Published: 10th January 2019
What I discovered on a Sunday afternoon at the Chennai Book Fair
The Chennai book fair is one of the biggest book fairs in the country and is a busy place every single year, 20 lakh people are expected to visit this year
At the risk of sounding like a meme fanatic (which I can assure you I'm not, I'm still unsure of how to pronounce the word), for a 90's child, going to the book fair 2019 puts your faith back in all things bright and beautiful. It's very heartening to know that people, old, young and especially parents, think taking their children to the book fair in the middle of a hot Sunday afternoon is totally worth it.
This year, the fair was held at the YMCA grounds. So, besides the book fair, there was another event taking place in the adjacent field which is why we were welcomed to the raucous strains of Maari 2's Rowdy Baby on full blast. But as we approached the book stalls, the familiar and happy sound of loud murmurs took over. The experience is almost nostalgic — old couples trudging along with cloth bags (plastic ban, yo), children disobediently letting go of their parents' hands to run to grab a colourful book, teenagers trying to convince their parents to buy them one too many books, young adults streaming into the IAS stalls with their glasses almost falling off their faces, there are the PhDs, the academics and scholars, the romantics secretly checking the Mills and Boons covers, the second-hand book scavengers and then there are people who are there simply because it's tradition. A routine.
The reader must pardon me if I sound biased. I have to warn you that I haven't been to many book fairs outside of Chennai. But it really does seem like a very Chennai thing to see so many families swarm into the tents. Nobody thought it was odd that a bunch of families had happily seated themselves on the floor in the common area, passing around tiffin boxes. It was like a semi-picnic day, anyway! Taking another risk here — the risk of sounding old — since all the kids get to choose the books they want online and the adults constantly buy books online, it just felt like nobody really cared for book fairs anymore. But seeing that people still make it a part of their mandatory plans is nice to know.
Having been to the Chennai Book fair once or twice before, I was looking for things that had changed. What had disappeared, what had remained and what was new. The new — Director's Pa Ranjith's Neelam Productions had set up a bookstall and they had displayed almost 25-30 sculptures of various prolific leaders with Dr BR Ambedkar's places right in front of the stall. Even cooler was a cardboard cut-out of Ambedkar as a Harry Potter character! The bookstall was selling books from most of these leaders, primarily Ambedkar and Periyar's work. The stall was so crowded, I had to return halfway because the other customers were so blissfully unaware of the crowd and drowning in the words of those great revolutionaries. These stalls are tiny, so by halfway, I'm talking five steps!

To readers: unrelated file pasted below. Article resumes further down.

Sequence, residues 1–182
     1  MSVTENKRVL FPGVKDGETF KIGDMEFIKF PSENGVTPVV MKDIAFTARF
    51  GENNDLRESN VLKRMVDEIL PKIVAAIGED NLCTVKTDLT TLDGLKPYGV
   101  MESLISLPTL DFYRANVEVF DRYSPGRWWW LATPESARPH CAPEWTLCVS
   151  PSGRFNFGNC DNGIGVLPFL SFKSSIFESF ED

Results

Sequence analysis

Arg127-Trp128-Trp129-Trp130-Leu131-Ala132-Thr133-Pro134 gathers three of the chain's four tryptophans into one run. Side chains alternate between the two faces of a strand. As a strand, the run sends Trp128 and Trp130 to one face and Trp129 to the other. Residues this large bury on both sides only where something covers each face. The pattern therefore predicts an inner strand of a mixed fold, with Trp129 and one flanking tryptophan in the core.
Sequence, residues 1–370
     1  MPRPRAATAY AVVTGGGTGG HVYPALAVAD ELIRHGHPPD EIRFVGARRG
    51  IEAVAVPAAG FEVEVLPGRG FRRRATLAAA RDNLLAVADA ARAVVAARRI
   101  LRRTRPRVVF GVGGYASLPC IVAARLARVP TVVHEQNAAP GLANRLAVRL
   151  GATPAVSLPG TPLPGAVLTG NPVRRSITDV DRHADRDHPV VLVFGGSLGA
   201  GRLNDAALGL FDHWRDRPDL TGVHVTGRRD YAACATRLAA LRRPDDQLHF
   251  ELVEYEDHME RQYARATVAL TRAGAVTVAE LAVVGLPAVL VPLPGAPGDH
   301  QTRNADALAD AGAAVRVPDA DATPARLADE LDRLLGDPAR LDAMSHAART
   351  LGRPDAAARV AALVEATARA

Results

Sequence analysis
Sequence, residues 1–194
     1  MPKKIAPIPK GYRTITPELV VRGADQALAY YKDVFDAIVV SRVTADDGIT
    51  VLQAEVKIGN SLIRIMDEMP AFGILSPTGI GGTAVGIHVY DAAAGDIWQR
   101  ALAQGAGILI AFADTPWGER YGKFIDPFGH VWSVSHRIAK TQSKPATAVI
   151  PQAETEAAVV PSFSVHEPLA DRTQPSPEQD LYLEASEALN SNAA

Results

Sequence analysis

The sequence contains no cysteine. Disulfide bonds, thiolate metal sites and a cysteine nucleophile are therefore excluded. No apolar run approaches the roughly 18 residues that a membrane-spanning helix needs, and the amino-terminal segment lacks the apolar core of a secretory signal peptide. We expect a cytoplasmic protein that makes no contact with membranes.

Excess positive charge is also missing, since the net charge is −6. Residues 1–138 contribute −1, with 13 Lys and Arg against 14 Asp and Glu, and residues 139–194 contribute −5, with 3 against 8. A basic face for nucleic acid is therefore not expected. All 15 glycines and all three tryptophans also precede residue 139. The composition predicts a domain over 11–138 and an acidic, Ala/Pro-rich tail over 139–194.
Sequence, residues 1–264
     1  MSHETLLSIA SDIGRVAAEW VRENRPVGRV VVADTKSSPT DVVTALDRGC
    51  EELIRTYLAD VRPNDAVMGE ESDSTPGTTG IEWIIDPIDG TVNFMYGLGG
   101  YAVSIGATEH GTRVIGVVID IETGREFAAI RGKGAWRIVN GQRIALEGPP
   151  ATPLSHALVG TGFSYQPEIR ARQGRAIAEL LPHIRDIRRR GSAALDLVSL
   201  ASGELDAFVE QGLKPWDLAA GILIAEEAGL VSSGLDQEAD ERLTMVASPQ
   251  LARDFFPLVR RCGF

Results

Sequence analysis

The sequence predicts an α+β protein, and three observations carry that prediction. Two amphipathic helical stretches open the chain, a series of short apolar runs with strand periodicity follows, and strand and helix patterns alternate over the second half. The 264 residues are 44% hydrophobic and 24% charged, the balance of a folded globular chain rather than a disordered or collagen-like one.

A Udaya, who was in charge of the stall tells me this is the first time they are setting up the stall. The success of the bookstall follows on the heels of the tremendous success of the Vaanam festival, "The festival created a platform and access for people to learn about Ambedkar, Periyar, the Dalit movement and celebrated our art. So we thought we should continue to find ways to make information easily accessible to everyone, which is why we decided to set up the stall this time." He goes on to tell me that Neelam is also going to start printing their own books soon especially now since the stall is doing so well. Now for a bit of trivia - the most sold book at the Chennai book fair last year was Ambedkar Indrum Endrum: Collection of Essays
As we walked in and past the other bookstalls, my friend happened to notice that many of the other stalls were pretty empty. That is when I began to notice that she was, in fact, right. Interestingly, the books that were running empty were largely the religious bookstores, while even a lot of the regular ones didn't seem too busy. But there were one or two more Ambedkar book related stores that were bustling with activity. Perhaps it was the time of day. One may never know.
This could just be a Sunday afternoon phenomenon though but pleasing nevertheless. As we walked out, my friend and I stopped at the softy ice cream stall to quickly grab a softy under the blazing sun. At this point, my friend told me how as a child her ambition in life was to one day own a softy vending machine and we both laughed.
Then I went back to thinking about how nostalgic book fairs are and about how much things had changed since then. I'm sure Ambedkar was always a bestseller and my knowledge is limited but I do feel that we embrace him more and celebrate him more now. While our ministers might continue to misinterpret and ridiculously pass bills against the constitution, there are a huge number of people who are reading the literature of the marginalised and are educating themselves. An afternoon at the book fair is not much to go by but well, looks like we have some hope.
(The views expressed are the author's own)